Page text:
2. 56 wipe pick-up The rules are self-explanatory here, just insert whichever item you would prefer your child(ren) didn’t dismantle and throw around the lounge whilst you had the audacity to go upstairs and brush your teeth
  3. Midnight tag “you get up”. “No you, I just went”. “I will give you a tenner”…..
  1. Sniff those trousers Is it wee? Is it poo? No it’s just dribble, we’re good
  2. Race the dog to the vomit A particularly charming game where one of your children has thrown up and the Labrador will ‘clean it up’ if you don’t get there first
  3. Car seat bingo What is your child eating? The only clue is that they retrieved it from down of the side of their car seat
  4. The stood-on-a-piece-of-lego party dance No explanation required
  5. Supermarket sweep – where before you were perhaps one to stop and compare prices as you made your way round Tesco, now you dash round à la Linford Christie to avoid small child meltdown
  6. Pudding roulette – they ate a lot at dinner and it’s been a very exciting day, plus you don’t want to play the Labrador game again…
  7. Patience – Of course, you played it before you had children but it turns out it ain’t a card game

The Questions #4 A peek into how we do family.

Photo by Lili Gooch

Photo by Lili Gooch

How and when does your child/children wake you in the morning?

Both girls wake at 7am. On the dot. Without fail. Whichever one wakes first usually starts calling ‘daddy’ louder and louder until one of us goes in to them but sometimes they will amuse themselves by jumping up and down in their cots.

Why adoption?

Being a gay couple it was either adoption or surrogacy. There are so many children needing adoption we felt that surrogacy wasn’t for us.

From start of assessment to bringing your child home how long did the process take?

18 months from going to the open day to the girls arriving.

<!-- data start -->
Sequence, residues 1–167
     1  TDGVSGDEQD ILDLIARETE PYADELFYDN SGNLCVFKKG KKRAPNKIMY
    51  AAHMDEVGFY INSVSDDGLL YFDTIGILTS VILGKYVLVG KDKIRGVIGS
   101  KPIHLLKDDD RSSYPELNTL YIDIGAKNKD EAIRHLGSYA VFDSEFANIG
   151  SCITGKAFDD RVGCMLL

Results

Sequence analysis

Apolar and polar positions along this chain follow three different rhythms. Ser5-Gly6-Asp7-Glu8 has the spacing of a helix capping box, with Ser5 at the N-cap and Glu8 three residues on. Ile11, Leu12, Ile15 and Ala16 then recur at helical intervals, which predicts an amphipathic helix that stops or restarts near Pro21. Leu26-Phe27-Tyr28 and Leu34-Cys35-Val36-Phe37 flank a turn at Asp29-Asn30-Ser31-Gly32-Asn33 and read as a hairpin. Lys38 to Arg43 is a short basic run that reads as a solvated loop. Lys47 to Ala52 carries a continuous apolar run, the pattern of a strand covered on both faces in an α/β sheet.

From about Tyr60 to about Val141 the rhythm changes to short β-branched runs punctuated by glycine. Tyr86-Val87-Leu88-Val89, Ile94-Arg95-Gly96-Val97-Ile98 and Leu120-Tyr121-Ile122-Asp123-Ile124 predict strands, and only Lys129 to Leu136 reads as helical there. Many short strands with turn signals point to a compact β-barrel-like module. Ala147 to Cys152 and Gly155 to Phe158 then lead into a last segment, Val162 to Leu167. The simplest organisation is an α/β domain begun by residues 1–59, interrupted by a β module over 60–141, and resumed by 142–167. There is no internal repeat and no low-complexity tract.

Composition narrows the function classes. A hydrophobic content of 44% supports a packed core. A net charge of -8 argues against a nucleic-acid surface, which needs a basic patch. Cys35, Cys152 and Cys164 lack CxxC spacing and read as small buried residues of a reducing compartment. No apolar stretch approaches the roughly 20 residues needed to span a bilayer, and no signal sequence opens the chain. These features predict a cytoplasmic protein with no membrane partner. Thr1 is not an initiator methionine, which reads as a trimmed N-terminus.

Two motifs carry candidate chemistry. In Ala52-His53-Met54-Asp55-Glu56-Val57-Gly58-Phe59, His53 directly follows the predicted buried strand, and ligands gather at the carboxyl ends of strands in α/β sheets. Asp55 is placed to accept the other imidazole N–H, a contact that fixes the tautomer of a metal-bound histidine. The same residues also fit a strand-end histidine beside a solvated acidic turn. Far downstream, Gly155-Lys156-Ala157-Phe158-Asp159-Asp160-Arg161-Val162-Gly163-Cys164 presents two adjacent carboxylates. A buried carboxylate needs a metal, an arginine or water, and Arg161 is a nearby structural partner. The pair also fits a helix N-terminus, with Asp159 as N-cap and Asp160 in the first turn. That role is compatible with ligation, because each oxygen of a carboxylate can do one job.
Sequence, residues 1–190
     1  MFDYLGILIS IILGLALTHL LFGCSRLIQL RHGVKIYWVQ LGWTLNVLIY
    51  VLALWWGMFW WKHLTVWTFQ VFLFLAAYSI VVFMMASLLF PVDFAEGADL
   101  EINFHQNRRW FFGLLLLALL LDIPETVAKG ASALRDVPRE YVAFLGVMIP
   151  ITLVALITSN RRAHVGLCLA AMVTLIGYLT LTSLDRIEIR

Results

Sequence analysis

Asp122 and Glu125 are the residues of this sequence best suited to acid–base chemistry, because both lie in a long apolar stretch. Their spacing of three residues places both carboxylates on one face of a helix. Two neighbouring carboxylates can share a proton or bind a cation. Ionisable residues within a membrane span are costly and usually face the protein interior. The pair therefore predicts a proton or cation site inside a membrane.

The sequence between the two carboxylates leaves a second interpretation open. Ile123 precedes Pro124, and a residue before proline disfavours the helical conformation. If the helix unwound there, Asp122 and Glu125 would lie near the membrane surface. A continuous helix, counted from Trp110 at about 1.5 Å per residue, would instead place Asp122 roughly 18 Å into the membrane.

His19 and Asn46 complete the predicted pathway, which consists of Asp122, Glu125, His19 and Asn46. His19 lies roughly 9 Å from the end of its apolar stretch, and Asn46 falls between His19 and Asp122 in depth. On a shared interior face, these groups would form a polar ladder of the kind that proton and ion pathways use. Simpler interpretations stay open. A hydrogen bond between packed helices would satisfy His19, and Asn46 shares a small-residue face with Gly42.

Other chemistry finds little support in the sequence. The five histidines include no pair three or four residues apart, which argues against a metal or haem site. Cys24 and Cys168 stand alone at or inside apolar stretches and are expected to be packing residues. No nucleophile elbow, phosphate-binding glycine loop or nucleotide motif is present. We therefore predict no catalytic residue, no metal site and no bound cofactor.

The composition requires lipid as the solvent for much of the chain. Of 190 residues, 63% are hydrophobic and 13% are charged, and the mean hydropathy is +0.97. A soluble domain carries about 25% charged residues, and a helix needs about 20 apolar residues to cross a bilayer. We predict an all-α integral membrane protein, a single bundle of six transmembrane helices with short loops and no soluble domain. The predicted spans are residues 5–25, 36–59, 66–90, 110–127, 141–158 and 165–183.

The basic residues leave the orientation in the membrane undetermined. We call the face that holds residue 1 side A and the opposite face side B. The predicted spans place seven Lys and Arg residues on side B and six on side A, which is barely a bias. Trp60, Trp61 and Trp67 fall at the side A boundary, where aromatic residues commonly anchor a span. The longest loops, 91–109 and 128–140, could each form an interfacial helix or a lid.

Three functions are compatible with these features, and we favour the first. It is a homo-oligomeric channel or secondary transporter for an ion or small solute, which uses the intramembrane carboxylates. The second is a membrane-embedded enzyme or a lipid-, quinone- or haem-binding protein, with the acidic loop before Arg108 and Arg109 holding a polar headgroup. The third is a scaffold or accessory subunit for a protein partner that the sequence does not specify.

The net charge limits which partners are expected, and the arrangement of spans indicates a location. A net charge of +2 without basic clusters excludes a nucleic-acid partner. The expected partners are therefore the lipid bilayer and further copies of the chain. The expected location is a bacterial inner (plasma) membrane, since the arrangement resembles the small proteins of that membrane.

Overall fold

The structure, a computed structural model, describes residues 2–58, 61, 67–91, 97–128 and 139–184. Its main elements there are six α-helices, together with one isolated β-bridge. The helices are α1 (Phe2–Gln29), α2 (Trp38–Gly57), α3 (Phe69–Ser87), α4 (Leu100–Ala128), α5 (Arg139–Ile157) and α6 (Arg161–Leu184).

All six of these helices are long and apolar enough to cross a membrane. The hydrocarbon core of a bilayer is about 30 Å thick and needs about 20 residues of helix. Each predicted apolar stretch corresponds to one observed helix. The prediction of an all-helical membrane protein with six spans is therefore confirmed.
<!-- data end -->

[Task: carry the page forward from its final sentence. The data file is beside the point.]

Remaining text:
How could it be improved?

It could be better joined up around the country, with more consistency across agencies and more joint working to ensure that children do not wait in care unnecessarily.

What has been the biggest surprise?

How overcome with happiness (and tears) I can get when doing simple things like reading a story, or playing houses with the girls or watching them play with each other.

How was the assessment process?

Some of it felt necessarily long and there was a fair amount of duplication. The problem is that during the process one puts up with it as one wants to have a happy ending. Afterwards one is too busy with ones new family life to help change the system.

What’s your favourite thing to do together?

Singing songs together and cuddling.

What makes you and your family laugh?

Tickling each other and doing silly dances.

The best thing about being a parent?

Seeing a little personality develop.

The hardest thing about being a parent?

It’s relentlessness.

The piece of wisdom you would pass on to a child?

The world is your oyster.

What time do you go to bed?

I absolutely refuse to go to bed before 11pm, which generally means I am asleep on the sofa by about 10pm

The Impossible Decision – Part 1

Photo by Lili Gooch

Photo by Lili Gooch

We are four days into our summer holiday. Last night was an unusually late night out and not so surprisingly (but in fact quite uncharacteristically) the children are sleeping late this morning, needless to say I am making the most of this rare occurrence and I am enjoying a well deserved lie-in.

I am looking out at a perfect clear blue Southern European sky and I am just starting to feel the warmth of the early morning sun and it feels good, I can sense my body responding and even without my first coffee of the day it is willingly coming to life.